What on-line resources does CAMBIA IP provide?

* Patent Databases - gateway to patent data
* Search full-text of European patent and world (PCT) applications
* U.S. patents coming soon
* Download PDF or text files
* White papers - analyses of major patent positions in key areas of agricultural biotechnology
* Agrobacterium-mediated transformation of plants
* Tutorials - approaches for utilizing patent data
* "How to Read a Patent"
* Newsletter

Access to the resource is currently being offered at no charge

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Consumer Association Online Survey: Have Your Say on GM Foods

http://www.which.net/campaigns/contents.html

We are interested in your views on GM Foods. Let us know what you think by
answering the three questions below.
1) Do you feel sufficiently informed about GM technology used in food production?
2) Would you buy GM food or food containing GM ingredients?
3) Do you want to know which foods are produced using GM ingredients?

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Assessment of the Food Safety Issues Related to Genetically Modified Foods

The Plant Journal (2001) 27(6), 503±528 ã 2001 Blackwell Science Ltd 503
Harry A. Kuiper , Gijs A. Kleter, Hub P. J. M. Noteborn and Esther J. Kok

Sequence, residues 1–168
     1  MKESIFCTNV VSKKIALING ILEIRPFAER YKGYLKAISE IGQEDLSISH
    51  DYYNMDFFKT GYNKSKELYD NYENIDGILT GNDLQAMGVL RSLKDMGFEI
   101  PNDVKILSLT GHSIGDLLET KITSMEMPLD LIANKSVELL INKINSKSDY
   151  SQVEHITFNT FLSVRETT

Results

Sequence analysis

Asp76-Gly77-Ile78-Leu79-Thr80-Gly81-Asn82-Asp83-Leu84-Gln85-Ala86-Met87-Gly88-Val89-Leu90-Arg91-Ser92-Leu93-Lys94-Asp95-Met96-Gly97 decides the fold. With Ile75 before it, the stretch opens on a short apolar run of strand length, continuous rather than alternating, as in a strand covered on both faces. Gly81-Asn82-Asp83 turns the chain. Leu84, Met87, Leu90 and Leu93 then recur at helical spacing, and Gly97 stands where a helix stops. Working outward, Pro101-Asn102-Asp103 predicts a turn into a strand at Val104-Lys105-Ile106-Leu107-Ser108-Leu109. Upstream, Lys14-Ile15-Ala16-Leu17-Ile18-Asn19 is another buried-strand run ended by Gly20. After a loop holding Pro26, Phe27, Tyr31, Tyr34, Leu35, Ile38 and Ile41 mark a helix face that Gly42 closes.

National Institute for Quality Control of Agricultural Products (RIKILT), Wageningen University and Research Centre, PO Box 230, NL 6700 AE Wageningen, the Netherlands , (Excerpts Below)

Summary: International consensus has been reached on the principles regarding evaluation of the food safety of genetically modified plants. The concept of substantial equivalence has been developed as part of a safety evaluation framework, based on the idea that existing foods can serve as a basis for comparing the properties of genetically modified foods with the appropriate counterpart. Application of the concept is not a safety assessment per se, but helps to identify similarities and differences between the existing food and the new product, which are then subject to further toxicological investigation. Substantial equivalence is a starting point in the safety evaluation, rather than an endpoint of the assessment. Consensus on practical application of the principle should be further elaborated. Experiences with the safety testing of newly inserted proteins and of whole genetically modified foods are reviewed, and limitations of current test methodologies are discussed. The development and validation of